Back in London and at work, I got sent out to get change at the video arcade, with a 50 pound note. I went to the back, put it in the change machine, and made to leave with the booty: bags and bags of pound coins. Well. I got chased out by security, and only realized afterwards what I must have looked like with a swedish military jacket, docks, and a shaved head. And a non-english accent. 
He wouldn't let me leave the arcade, convinced I had rigged the machine somehow. Finally he escorted me back to my shop to have my story verified, and barred me from the arcade for good as a ne'er-do-well.
I'm pretty sure he didn't call me a ne'er-do-well, but what's a gratuitously nostalgic posting without a term like that, really.

Thank you for your forbearance, we now return to our regularly scheduled blogging.

Proust on his deathbed, as photographed by Man Ray, as drawn by stef lenk.

Real life to fairy tale.

Due to a fortuitous error which saw an email to Coco waylaid to the illustrious N at the Brick offices, I was sent this background (as cited on Wiki, i think), which inspired Hans Christian Andersen's The Red Shoes.
I love it. I love also the thought that such old old fairy tales have their origins in real life incident, which is evidence of just how much life has gone on, and what it has resulted in, even so long ago.
But to the origin of The Red Shoes:
Andersen explained the origins of the story in an incident he witnessed as a small child. By his report, his father was sent a piece of red silk by a rich lady customer, to make a pair of dancing slippers for her daughter. Using red leather along with the silk, he worked very carefully on the shoes, only to have the rich lady tell him they were trash. She said he had done nothing but spoil her silk. "In that case," he said, "I may as well spoil my leather too," and he cut up the shoes in front of her.

17 January 2009

Temperance. Even with the "Draw Cuter Things" campaign.

Things of great significance that I woke up thinking about.

I don't usually wake up with pleasant and harmless thoughts running through my head in the morning. I have Wind in the Willows to thank for this, no doubt.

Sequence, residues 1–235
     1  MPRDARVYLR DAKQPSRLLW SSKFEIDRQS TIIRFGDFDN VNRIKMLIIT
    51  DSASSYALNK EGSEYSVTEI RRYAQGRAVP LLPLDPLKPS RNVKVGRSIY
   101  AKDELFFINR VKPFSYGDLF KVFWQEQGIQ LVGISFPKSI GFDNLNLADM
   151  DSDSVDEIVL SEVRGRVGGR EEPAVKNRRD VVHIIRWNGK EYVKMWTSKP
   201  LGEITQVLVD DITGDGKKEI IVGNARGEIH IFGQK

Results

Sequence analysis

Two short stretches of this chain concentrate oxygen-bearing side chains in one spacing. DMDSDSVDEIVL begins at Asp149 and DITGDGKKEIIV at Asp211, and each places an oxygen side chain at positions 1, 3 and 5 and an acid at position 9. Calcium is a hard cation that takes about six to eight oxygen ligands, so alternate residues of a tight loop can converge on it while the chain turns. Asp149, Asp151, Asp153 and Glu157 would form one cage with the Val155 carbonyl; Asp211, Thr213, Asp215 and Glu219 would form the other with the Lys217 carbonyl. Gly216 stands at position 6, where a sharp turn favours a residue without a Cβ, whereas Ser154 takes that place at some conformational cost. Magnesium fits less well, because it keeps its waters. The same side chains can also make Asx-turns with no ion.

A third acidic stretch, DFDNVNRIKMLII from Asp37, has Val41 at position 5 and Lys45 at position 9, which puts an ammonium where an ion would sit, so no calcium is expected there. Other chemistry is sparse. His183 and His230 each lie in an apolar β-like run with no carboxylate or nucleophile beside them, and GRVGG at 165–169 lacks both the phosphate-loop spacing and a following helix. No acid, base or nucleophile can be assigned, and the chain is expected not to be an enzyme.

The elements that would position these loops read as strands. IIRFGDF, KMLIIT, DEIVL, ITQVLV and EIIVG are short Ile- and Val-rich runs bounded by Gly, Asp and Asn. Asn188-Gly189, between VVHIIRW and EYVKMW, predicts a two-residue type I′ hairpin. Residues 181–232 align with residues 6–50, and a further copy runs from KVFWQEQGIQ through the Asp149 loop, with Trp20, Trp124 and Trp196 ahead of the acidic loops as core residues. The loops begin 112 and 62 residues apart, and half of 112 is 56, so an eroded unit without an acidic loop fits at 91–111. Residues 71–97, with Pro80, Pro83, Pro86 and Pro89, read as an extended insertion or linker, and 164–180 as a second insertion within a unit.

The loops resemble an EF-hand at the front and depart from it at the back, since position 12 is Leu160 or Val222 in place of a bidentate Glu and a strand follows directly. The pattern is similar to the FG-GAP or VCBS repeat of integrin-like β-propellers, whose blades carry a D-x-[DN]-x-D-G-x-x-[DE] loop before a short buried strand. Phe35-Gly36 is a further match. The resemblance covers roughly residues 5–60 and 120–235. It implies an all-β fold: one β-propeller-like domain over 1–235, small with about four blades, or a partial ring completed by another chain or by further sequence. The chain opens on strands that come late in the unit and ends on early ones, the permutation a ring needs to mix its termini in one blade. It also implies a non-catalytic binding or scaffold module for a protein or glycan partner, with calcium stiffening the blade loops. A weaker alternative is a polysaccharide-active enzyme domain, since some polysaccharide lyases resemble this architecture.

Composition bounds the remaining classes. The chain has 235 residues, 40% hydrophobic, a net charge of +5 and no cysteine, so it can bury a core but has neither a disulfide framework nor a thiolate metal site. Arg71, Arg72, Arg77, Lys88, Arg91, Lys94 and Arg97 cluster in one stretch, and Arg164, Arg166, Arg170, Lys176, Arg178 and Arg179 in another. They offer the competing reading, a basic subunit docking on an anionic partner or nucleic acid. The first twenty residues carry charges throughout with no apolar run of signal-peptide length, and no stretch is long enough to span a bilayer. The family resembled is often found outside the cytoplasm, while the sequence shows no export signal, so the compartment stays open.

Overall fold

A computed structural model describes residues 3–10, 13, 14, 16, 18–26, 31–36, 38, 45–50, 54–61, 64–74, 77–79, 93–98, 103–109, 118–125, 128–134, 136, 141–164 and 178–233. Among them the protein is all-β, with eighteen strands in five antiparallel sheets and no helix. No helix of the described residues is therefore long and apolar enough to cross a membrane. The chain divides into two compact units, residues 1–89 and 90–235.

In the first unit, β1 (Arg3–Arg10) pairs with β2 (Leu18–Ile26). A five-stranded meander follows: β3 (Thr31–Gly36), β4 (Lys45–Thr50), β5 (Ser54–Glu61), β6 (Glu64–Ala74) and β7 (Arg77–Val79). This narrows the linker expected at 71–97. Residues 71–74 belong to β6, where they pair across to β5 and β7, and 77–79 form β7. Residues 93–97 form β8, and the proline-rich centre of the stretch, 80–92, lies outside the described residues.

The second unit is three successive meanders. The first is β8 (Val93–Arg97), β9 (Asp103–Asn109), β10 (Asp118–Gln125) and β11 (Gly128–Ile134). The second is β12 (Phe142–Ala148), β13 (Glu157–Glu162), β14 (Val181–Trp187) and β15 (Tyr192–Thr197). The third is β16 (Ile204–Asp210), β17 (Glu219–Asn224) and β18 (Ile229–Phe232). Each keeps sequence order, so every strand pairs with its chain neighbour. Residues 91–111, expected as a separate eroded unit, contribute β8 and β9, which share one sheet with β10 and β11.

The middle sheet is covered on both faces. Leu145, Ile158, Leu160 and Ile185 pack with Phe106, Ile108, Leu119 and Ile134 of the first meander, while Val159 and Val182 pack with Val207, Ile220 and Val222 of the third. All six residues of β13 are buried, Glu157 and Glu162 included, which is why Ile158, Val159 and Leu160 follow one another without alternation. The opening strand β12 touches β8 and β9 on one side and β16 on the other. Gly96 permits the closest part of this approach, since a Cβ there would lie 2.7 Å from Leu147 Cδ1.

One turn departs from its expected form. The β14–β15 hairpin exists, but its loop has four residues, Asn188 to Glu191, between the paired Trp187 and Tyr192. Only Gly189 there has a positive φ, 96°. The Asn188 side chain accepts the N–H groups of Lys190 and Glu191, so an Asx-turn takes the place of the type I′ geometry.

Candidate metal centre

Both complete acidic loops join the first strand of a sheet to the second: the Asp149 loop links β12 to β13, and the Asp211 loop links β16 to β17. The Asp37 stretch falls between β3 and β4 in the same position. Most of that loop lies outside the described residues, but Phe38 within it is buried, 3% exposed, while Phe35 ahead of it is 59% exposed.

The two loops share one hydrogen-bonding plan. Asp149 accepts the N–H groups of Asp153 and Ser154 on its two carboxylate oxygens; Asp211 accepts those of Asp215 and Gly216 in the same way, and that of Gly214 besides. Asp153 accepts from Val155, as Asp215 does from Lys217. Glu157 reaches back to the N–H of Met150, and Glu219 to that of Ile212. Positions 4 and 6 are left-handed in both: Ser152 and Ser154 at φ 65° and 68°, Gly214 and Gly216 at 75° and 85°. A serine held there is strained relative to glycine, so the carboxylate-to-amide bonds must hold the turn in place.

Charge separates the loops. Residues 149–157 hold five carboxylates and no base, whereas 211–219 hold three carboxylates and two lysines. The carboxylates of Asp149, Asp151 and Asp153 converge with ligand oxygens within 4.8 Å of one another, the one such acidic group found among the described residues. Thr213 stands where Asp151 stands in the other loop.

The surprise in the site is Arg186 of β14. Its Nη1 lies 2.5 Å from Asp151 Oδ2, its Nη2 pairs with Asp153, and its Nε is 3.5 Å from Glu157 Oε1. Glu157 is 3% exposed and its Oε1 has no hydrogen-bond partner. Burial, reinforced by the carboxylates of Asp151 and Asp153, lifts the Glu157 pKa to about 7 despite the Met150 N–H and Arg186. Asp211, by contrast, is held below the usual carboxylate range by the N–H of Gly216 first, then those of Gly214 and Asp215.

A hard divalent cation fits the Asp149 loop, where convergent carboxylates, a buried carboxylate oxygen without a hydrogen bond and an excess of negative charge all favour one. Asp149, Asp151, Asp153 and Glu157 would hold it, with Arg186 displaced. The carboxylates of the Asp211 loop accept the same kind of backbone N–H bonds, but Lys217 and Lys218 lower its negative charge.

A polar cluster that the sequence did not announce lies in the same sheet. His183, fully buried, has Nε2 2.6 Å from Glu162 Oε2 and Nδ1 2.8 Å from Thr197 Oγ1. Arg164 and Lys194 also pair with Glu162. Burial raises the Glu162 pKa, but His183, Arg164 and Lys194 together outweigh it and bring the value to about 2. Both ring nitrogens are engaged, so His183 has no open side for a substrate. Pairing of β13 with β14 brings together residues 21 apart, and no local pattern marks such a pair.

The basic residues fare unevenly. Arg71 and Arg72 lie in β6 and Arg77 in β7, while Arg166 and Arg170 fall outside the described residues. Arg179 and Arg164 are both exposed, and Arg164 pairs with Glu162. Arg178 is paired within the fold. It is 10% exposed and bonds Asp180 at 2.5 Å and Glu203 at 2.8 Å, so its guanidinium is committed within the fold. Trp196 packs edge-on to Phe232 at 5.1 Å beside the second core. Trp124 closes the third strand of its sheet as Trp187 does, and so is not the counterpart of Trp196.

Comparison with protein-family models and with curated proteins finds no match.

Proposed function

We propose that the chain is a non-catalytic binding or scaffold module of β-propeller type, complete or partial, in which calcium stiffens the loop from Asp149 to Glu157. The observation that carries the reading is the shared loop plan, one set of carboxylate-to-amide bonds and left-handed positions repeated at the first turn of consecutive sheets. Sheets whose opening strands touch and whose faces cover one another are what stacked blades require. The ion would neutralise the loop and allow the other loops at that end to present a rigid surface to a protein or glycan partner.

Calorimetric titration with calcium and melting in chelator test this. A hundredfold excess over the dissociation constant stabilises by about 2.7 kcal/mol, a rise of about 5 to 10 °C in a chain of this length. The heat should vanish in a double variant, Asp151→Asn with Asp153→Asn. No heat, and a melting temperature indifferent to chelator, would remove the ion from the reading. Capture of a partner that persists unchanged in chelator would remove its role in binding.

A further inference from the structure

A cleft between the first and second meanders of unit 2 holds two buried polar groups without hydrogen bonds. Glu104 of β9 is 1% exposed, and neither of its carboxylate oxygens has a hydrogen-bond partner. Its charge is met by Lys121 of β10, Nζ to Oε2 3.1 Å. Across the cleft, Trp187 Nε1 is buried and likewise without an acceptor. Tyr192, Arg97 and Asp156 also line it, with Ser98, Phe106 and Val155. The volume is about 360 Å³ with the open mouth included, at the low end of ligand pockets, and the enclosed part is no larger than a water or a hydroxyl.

So, without further ado: Things I thought about this morning that were rather lovely, thank you very much:
1. My pilgrimage to the Victoria and Albert Museum in 1993 to see the original EH Sheperd drawings for Winnie the Pooh. I was allowed to have a pencil and paper with me to take notes (? Like there were notes to be taken that would have been sufficient enough to leave with any real sense of what I was seeing there). I was given white gloves to handle the drawings as well, and they were Sublime.

2. My godmother, who took care of me before and after school when I was little, and who will forever and eternally call to mind the Britishly-anthemic intro to the BBC radio news, complete with the four beeps at the end, before the newscaster begins. And also english muffins with butter, first thing in the morning.

(My mum told me last night that 'Del (said godmother) had come to visit some weeks ago. She has been having worsening hearing problems over the years, so my mum put some headphones on her that were hooked up to the computer, and played her Symphonic Bach, one of their mutual favourites, and for whatever reason, 'Del was able to hear it fully for the first time in forever, and the look on her face I am told was of unparalleled Glee. Love it. In fact, am listening to symphonic Bach in empathy, this very morning.)

3. This strange place which I dream about with fascinating frequency (and did so again last night), always in a different context, and for no particular reason that I know of. It always seems to have "London" as an undertitle (were dreams to have undertitles) but isn't actually any place I know of in London, and so serves as some generic fantastical european place of old buildings and narrow streets and convoluted urban corridors of historical aesthetic, which I of course deem London-esque, 'coz that's just what I do. It's a bit inscrutable as cranial tendencies go, as it's almost like some irrelevant set change. Nothing particularly Londoney ever happens in said place/dream; indeed the setting rarely has any relevance at all. 
Except of course that it's extraordinarily comforting and nice-looking.

16 January 2009

Wind and the Willows, and Dear Old EH.

Today I decided to revisit this Amazing piece of Literature. My primary reason was to see if it was as glowingly warm and sweet and good as I remembered it (It was. In the best of ways. Perfect for January), and to ponder possibly illustrating a few choice portraits of Ratty, Mole and Toad, as part of my "draw cuter things" campaign.
An errant googling upon the completion of said book informed me that there is in fact an illustrated version by one EH Sheperd. Miracles will Never Ever cease, I thought, as I stared somewhat unimpressedly at my copy, whose illustrations are stiff and mundane, and no doubt by a man named Bruce, or some such nominal blight.